Tuesday, September 30, 2008

Ladies and Gentlemen, the Fabulous Stains

Question: What do Diane Lane, Laura Dern, the Sex Pistols and the director of Cheech and Chong's "Up in Smoke" have in common?

Answer: Possibly the most influential rock and roll movie you've never seen.

The 1981 cult film "Ladies and Gentlemen, the Fabulous Stains," a gritty, cynical look at the rise and fall of an all-girl punk band, was never officially released in theaters and appeared only a few times on late-night cable. But stubbornly, almost magically, the movie built a devoted following, eventually becoming a touchstone for such female rockers as Courtney Love, Brett Anderson of the Donnas, and Kathleen Hanna, whose band Bikini Kill helped launch the feminist punk genre known as riot grrrl. For nearly 30 years, fans have been trading grainy bootleg copies - some of which sold on eBay for upwards of $100 - but earlier this month, "Ladies and Gentlemen, the Fabulous Stains" received its first DVD release through Rhino Entertainment.

"I've been waiting for, like, 15 years for them to release this," says Hanna, who recalls watching a pirated copy after her second-ever practice with Bikini Kill in the early 1990s. "We had no songs, we totally did not know what we were doing," she says. "And then we watched that and thought: We can do anything."

"Stains" is no feel-good teen flick. It focuses on Corinne Burns (Lane, then 16), a working-class girl stuck in a dead-end Pennsylvania town. After seeing an English punk band called the Looters, Corinne forms her own group, the Stains, with her sister (Marin Kanter) and cousin (Dern, just 13). Dressed in a see-through negligee and shouting a feminist manifesto - "I don't put out!" - Corinne quickly becomes a media sensation, inspiring legions of identically dressed followers nicknamed "skunks" for their two-tone hairstyle. Eventually Corinne's fans turn hostile and abandon her, but the film's ending is ambiguous: A slick music video, from the suddenly "Fabulous" Stains, suggests either a triumphant comeback or a surrender to conformity.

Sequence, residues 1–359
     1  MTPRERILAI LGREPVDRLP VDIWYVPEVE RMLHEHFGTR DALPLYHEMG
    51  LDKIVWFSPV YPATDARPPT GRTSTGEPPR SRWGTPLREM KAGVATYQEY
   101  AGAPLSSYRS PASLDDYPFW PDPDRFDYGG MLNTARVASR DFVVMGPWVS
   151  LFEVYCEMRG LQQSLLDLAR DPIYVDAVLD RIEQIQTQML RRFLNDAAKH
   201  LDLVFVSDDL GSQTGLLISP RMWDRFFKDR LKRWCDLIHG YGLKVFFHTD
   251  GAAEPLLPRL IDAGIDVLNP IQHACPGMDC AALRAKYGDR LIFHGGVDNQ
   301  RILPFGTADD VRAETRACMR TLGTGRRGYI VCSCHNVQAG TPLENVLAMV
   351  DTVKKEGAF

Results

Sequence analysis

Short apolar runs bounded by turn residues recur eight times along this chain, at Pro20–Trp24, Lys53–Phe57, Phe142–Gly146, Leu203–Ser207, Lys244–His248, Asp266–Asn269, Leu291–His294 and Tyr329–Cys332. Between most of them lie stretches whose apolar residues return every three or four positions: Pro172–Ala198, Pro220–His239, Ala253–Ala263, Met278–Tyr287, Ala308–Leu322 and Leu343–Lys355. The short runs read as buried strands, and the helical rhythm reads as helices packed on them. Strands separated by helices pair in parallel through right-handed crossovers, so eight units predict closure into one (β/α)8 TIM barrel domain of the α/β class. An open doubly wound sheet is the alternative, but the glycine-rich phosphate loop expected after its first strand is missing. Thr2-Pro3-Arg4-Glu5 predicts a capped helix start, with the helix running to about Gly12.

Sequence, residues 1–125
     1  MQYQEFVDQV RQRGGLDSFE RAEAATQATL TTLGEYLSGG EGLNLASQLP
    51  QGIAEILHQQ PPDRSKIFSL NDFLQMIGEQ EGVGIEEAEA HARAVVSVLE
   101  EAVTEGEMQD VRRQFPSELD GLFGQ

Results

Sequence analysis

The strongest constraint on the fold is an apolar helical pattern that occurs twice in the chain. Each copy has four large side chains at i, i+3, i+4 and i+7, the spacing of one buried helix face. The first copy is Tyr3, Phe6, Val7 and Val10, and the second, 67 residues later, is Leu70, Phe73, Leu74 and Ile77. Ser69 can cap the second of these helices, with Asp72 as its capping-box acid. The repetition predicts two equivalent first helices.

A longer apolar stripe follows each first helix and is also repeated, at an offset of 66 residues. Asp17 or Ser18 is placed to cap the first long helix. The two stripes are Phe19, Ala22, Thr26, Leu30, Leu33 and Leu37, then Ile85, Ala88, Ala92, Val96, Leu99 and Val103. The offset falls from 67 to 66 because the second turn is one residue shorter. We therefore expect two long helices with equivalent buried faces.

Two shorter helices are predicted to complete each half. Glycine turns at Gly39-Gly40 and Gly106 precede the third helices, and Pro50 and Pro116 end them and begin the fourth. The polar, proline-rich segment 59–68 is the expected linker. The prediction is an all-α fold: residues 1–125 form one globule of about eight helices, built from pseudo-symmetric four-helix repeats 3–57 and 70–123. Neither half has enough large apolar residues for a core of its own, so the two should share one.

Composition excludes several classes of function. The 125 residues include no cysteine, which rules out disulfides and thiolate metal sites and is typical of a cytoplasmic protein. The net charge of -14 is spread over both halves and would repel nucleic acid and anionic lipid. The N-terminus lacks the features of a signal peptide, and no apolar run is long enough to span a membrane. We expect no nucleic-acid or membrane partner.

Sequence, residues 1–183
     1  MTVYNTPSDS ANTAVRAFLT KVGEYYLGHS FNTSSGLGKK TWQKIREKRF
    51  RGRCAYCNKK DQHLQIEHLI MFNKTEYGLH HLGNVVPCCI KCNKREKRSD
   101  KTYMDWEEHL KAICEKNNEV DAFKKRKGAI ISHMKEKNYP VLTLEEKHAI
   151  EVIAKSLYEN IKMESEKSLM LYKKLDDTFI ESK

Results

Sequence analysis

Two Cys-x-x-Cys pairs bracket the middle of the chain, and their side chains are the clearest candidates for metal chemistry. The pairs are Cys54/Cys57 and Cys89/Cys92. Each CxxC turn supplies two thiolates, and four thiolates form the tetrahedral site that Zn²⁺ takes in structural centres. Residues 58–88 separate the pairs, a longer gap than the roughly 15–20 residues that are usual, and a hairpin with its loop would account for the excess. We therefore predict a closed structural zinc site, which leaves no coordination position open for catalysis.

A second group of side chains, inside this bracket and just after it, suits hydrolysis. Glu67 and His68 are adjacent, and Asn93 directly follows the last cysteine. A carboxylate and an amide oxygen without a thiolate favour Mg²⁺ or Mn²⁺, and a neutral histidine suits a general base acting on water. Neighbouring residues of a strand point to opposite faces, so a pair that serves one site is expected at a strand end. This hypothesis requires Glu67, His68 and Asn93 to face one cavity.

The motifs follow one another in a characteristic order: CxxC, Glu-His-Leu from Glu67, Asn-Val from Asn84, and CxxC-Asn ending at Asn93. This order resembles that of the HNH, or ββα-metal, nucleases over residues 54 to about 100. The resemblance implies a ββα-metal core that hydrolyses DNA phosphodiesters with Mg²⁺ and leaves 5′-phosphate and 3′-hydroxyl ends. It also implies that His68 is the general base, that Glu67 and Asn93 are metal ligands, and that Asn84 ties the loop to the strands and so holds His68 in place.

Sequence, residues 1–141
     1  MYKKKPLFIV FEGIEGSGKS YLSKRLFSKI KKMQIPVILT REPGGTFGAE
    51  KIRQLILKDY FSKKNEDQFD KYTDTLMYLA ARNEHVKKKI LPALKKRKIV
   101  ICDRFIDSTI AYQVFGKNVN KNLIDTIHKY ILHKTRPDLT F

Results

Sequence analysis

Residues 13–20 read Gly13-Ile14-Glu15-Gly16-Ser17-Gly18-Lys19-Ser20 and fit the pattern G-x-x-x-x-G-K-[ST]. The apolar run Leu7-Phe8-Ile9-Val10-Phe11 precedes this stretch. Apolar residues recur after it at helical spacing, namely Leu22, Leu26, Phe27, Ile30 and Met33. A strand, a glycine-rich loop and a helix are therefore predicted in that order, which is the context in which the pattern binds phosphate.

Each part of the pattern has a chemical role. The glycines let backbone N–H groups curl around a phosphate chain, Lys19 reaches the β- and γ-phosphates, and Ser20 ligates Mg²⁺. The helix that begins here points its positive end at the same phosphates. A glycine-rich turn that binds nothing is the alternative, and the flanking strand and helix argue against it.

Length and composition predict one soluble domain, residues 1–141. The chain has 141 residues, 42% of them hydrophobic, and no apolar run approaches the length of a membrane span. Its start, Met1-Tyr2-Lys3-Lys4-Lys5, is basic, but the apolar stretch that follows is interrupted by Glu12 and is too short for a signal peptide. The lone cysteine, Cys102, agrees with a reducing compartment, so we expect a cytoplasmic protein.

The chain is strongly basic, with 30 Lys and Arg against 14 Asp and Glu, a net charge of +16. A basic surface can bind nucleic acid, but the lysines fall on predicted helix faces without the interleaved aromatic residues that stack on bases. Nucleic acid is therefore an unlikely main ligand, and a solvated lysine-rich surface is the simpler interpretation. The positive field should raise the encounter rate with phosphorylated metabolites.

At the time, "Stains" seemed to have hit potential. The script came from Nancy Dowd (writing under the pseudonym Rob Morton), who had recently won an Oscar for the Jane Fonda drama "Coming Home." Lane had already graced a 1979 cover of Time magazine, declaring her one of "Hollywood's Whiz Kids." And Dern was a rising talent who had appeared in the teen movie "Foxes" with Jodie Foster.

"To me, it was this profound experience during adolescence," Dern says. To research her role, she attended concerts by the Plasmatics and Lene Lovich. And when filming was done, she returned to her private junior high school with two-tone hair. "It was a pretty radical shift," she says. "I came back listening to that music."

Director Lou Adler, a music-industry veteran who had worked with Carole King and the Mamas and the Papas before turning to movies - he produced "The Rocky Horror Picture Show" and directed "Up in Smoke" - wanted real rock musicians for the film. The Looters almost qualified as a real group: The singer was Ray Winstone, fresh from The Who's "Quadrophenia" (and later of "Sexy Beast"), backed by bassist Paul Simonon of The Clash and guitarist Steve Jones and drummer Paul Cook of the Sex Pistols. (Those two also wrote the film's would-be hit, "Professionals.") And singer Fee Waybill and keyboardist Vince Welnick, of the Tubes, winkingly played a pair of aging, decadent rock stars.

"I had to draw on the world I knew," says Adler, 74. "I go so far back in the music business, there's pretty much nothing that I didn't see, hear or feel."

All of which helped make the movie an authentic, if somewhat simplified, punk fable. The Looters' dreary U.S. tour mirrors the Sex Pistols' ill-fated American tour in 1978. The Stains hit it big on "MVNTV," a clear nod to MTV, which had just launched in the summer of 1981. And the trajectory of the Stains themselves - from edgy punks to safe pop act - is the story of every co-opted counterculture.

"I thought it was very telling, very true to life," Waybill says of the film's jaundiced view of rock and roll. "The music business couldn't be more cutthroat. And today, even more so than before."

For Hanna, the film was both an inspiration and a cautionary tale. To this day, she signs autographs with the words "The Fabulous Stains," hoping fans will seek out the movie. "There aren't too many representations of women in bands that aren't just totally horrible," she says. "For a young girl starting a band, it was like water in the desert."


Ladies and Gentlemen, the Fabulous Stains - Part One

Ladies and Gentlemen, the Fabulous Stains - Part Two

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